A wave in the water. The word opens, shape for knowing at edges, darker fields, trouble: a wave in the water. The word waits long to shatter on silence, prove, prove that falling is a wave. In the water, the word opens, shape for knowing.
Could be the sun, if it ever was. Darkening sky, darker shapes not shadows but clouds shapes only you can see— smoke from a fire, that dream about your mother.
Could be the thing at the back of your eye upside down until the brain turns it around—
trees walking on their leaves, wearing their roots like hair.
Could be the thought you forgot then remembered later after everyone had gone.
In the daytime it’d be different. Everything white and fluffy. The sky blue.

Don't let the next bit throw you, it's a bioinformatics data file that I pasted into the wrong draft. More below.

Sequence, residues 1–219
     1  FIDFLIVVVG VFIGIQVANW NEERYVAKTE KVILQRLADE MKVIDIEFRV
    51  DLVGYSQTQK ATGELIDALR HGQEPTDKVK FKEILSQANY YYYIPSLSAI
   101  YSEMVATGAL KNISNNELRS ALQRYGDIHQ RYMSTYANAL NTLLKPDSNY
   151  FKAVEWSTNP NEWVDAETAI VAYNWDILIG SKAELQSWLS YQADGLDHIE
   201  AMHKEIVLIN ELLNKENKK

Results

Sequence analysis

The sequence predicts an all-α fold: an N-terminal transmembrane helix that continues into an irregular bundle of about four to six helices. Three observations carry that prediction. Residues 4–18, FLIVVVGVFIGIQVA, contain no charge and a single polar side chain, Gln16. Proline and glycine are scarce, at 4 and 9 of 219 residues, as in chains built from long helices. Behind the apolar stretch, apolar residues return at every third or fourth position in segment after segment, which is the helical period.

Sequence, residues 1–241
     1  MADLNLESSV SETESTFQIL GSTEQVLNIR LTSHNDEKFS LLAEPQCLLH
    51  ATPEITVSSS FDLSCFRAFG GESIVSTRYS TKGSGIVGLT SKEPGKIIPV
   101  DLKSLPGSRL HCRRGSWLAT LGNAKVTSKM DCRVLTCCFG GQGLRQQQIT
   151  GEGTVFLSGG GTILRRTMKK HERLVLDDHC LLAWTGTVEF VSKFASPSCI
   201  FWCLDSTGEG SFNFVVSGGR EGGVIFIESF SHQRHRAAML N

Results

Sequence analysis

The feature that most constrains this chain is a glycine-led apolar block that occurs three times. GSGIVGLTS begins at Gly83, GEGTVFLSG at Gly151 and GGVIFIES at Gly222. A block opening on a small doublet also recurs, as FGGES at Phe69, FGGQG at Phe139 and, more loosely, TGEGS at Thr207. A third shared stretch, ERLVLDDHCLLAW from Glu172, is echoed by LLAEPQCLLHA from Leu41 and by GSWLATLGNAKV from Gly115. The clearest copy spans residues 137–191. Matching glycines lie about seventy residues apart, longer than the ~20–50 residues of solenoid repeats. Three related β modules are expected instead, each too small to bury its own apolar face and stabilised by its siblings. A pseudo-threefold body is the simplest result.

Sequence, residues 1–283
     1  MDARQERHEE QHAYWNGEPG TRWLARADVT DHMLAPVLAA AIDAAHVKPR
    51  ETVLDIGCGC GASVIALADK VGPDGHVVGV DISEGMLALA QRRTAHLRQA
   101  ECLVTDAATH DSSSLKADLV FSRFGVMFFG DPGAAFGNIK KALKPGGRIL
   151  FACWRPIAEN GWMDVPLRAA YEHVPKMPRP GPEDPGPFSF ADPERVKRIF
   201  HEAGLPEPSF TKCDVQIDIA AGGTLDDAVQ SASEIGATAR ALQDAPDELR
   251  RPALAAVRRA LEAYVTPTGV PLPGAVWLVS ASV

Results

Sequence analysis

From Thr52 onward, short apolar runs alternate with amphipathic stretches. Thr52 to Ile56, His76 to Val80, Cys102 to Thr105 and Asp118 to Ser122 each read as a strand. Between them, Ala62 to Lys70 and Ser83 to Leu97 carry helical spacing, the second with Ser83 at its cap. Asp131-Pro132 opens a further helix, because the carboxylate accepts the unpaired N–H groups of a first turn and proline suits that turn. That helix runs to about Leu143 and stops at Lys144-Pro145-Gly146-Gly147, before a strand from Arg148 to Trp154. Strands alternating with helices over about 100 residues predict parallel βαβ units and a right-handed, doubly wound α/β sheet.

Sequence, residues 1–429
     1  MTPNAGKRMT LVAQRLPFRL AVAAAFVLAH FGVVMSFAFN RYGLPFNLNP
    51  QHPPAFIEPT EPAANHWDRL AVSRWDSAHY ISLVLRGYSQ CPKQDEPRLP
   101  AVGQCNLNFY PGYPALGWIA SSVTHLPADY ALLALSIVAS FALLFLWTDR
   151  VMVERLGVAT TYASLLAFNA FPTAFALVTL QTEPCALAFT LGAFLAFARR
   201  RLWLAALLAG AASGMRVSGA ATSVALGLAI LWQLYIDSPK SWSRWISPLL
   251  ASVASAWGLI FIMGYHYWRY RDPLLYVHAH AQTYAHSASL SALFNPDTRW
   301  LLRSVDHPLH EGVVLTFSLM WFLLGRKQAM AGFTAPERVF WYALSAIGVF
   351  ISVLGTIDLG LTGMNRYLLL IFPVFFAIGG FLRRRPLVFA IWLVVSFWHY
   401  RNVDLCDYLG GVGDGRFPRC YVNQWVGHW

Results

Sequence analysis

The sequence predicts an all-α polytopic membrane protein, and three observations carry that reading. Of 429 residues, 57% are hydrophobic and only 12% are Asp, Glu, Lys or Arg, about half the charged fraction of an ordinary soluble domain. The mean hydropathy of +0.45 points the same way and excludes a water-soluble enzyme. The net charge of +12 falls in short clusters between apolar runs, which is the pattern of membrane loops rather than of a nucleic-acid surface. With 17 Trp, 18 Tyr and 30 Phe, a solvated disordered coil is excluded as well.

Still the half-formed shape, the real beneath.
Study war no more
Mar 18, 2011
Michael Izbicki grew up in a nondenominational church in California. A National Merit Scholarship finalist, he chose to go to the U.S. Naval Academy out of a sense of duty to his country during a time of war. At the naval academy he began to doubt whether the career to which he had committed himself could be squared with the tenets of just war doctrine. He got in trouble when he responded no to this exam question: "If given the order, would you launch a missile carrying a nuclear warhead?" After a four-year legal battle, the navy discharged him as a conscientious objector. Izbicki may have to reimburse the service for part or all of his education (New York Times, February 22).